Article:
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Ellison plays down CRT criticism

Paul Bird Motorsport-ART rider James Ellison believes the difference between the CRT and MotoGP machines will reduce significantly during the first year.

James Ellison says he is unconcerned about the predicted disparity between the MotoGP prototypes and incoming CRT machines, believing the gap won't be as substantial as many expect.

Ellison is one of nine proposed CRT entries to join the MotoGP grid for the first time in 2012, riding the Aprilia-engineered ART chassis for Paul Bird Motorsport.

Marking a return to MotoGP for Ellison, who competed in 2005 and 2006, the Briton is excited about his return to the premier category, even if relatively little is known about the PBM set up.

As it stands, Ellison will ride an ART, which is an Aprilia 1000cc engine mated to an RSV-4-inspired chassis, adapted for MotoGP regulations and Bridgestone tyres. Aspar and Speed Master will compete with a similar arrangement.

However, while MotoGP winter testing gets underway next week, Ellison will not appear on the bike until 20th February. Nonetheless, he is unconcerned about the relative lack of testing and is merely looking forward to getting his first outing.

"I don't think any amount of testing this early on will make a difference anyway," said Ellison, during an interview with MotoGP.com. "The MotoGP factory bikes are pretty much developed, now they're just fine tuning. It's going to take years to get to where they are.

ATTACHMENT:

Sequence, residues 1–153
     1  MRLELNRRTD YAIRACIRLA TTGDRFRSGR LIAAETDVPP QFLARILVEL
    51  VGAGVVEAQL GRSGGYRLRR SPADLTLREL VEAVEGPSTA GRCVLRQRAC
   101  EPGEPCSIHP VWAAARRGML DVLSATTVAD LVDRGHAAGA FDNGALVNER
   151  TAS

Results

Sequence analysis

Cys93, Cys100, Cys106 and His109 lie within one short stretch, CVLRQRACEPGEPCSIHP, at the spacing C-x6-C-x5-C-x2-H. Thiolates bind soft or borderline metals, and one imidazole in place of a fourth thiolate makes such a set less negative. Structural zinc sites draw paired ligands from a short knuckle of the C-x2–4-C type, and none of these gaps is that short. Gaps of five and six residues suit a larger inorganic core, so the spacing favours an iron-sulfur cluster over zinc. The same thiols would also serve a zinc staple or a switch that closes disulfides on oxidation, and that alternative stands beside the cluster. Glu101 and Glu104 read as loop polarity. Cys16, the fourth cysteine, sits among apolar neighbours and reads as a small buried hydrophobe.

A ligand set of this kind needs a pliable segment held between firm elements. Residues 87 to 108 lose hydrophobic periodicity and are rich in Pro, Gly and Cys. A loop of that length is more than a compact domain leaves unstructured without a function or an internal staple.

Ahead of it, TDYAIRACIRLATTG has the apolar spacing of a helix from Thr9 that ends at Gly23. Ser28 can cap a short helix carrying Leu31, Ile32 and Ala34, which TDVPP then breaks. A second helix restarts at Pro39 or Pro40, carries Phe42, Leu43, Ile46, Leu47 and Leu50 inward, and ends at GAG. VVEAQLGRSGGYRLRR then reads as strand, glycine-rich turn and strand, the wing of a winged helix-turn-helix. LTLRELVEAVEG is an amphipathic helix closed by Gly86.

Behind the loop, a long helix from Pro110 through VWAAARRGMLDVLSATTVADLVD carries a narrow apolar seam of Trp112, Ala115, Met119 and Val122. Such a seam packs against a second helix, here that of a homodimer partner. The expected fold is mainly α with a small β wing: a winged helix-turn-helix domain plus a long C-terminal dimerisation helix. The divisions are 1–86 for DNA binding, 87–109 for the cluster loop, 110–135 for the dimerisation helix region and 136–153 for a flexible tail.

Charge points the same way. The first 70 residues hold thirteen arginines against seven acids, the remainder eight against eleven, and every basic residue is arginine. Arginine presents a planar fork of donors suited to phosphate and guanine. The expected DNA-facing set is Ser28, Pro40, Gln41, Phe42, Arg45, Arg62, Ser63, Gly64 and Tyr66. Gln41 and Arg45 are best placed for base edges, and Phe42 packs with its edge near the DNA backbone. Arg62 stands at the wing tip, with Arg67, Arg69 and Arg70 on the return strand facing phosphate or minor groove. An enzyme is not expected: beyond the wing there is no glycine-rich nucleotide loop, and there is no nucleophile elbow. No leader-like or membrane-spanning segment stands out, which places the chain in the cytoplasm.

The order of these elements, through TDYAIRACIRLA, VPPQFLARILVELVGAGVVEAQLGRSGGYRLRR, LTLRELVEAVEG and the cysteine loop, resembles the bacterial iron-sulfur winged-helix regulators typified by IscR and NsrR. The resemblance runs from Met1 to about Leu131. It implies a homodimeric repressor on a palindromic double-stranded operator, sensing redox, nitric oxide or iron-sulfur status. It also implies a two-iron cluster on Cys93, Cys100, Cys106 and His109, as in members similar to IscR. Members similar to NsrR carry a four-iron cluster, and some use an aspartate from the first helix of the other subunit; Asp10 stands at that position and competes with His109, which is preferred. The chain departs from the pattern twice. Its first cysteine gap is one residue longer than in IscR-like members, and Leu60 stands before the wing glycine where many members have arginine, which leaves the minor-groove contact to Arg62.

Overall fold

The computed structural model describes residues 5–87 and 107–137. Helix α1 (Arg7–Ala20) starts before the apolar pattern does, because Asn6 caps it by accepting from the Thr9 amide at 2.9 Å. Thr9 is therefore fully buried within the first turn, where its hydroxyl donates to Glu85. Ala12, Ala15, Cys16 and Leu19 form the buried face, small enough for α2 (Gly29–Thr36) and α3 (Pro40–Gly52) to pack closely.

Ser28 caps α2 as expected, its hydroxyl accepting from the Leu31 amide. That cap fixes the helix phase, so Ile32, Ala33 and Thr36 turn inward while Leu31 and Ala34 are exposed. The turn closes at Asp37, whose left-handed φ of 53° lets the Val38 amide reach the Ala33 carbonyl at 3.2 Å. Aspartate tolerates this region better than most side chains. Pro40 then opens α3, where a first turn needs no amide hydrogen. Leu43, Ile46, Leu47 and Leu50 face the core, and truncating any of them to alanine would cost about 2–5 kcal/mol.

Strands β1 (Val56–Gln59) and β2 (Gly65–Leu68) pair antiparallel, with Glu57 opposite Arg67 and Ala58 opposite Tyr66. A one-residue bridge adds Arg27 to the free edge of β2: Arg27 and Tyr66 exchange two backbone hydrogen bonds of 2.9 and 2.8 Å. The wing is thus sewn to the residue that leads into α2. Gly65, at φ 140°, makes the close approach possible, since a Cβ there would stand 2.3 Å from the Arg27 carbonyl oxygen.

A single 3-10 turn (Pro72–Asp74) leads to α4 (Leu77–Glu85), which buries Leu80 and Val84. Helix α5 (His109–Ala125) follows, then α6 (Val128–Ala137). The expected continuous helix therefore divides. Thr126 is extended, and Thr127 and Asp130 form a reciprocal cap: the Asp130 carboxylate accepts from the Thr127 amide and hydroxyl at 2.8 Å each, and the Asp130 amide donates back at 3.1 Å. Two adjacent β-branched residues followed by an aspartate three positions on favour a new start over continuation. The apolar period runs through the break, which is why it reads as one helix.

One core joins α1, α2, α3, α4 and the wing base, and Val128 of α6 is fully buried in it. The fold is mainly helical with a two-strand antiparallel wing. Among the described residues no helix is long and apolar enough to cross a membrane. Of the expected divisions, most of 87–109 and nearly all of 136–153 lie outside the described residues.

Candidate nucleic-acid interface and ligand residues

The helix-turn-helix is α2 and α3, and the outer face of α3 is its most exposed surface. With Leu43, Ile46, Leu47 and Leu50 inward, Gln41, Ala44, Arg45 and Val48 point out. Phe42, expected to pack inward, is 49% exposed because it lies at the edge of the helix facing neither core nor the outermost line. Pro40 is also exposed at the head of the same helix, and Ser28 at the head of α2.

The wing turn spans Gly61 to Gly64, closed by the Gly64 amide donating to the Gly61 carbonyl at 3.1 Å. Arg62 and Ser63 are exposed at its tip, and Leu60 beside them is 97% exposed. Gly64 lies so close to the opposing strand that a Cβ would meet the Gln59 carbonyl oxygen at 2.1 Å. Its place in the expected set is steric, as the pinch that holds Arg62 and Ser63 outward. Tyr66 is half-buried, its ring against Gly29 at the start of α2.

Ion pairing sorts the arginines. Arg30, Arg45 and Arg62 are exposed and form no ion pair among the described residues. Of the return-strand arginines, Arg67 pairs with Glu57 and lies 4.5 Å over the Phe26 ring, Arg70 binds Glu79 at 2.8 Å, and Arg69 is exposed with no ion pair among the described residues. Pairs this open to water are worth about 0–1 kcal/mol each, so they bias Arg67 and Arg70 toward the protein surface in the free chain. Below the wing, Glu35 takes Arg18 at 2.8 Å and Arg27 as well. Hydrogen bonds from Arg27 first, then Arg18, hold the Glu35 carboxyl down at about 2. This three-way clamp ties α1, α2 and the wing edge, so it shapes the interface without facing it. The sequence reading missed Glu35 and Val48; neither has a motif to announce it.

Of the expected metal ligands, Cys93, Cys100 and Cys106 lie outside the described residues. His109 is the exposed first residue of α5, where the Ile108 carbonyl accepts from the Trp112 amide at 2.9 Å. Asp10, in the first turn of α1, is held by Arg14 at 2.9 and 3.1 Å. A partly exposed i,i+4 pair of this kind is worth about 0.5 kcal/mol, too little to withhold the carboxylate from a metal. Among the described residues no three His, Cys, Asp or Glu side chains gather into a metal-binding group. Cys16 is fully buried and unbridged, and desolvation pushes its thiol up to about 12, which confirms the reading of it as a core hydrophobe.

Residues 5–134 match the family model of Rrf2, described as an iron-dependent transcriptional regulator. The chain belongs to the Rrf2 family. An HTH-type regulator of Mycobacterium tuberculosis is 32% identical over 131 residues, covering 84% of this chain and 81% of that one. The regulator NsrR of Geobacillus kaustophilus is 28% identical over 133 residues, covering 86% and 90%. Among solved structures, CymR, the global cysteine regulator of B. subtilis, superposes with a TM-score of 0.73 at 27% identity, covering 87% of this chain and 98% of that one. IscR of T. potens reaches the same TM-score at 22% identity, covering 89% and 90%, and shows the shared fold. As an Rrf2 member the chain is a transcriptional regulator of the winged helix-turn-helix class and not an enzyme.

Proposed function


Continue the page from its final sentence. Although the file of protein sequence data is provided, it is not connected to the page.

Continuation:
"As for the other [ART] CRTs, I'm assuming we're going to share information if we are using the same bike. I would imagine it would be in Aprilia's best interest to share a bit of information from the first test in Valencia [30-31st January] when everybody else is in Sepang."

Though the decision to allow CRT machines onto the grid has been met with a mixed response from some existing riders, who fear the disparity of performance shown during initial testing will create an unhealthy two-tier championship, Ellison believes the difference between the two will reduce significantly.

"I imagine that the lap times from the factory bikes back in the day, when they first came out on track, weren't that good either. It has taken years of development to get where they are now. I think the Bridgestone tyres making everything equal will help a lot.

"I don't think [CRTs are] going to be as far off as everybody thinks, though I hope I'm not going to eat my words in a few months time. Certainly for the first few races, yes we'll be off the pace but I think we'll soon pick it up.

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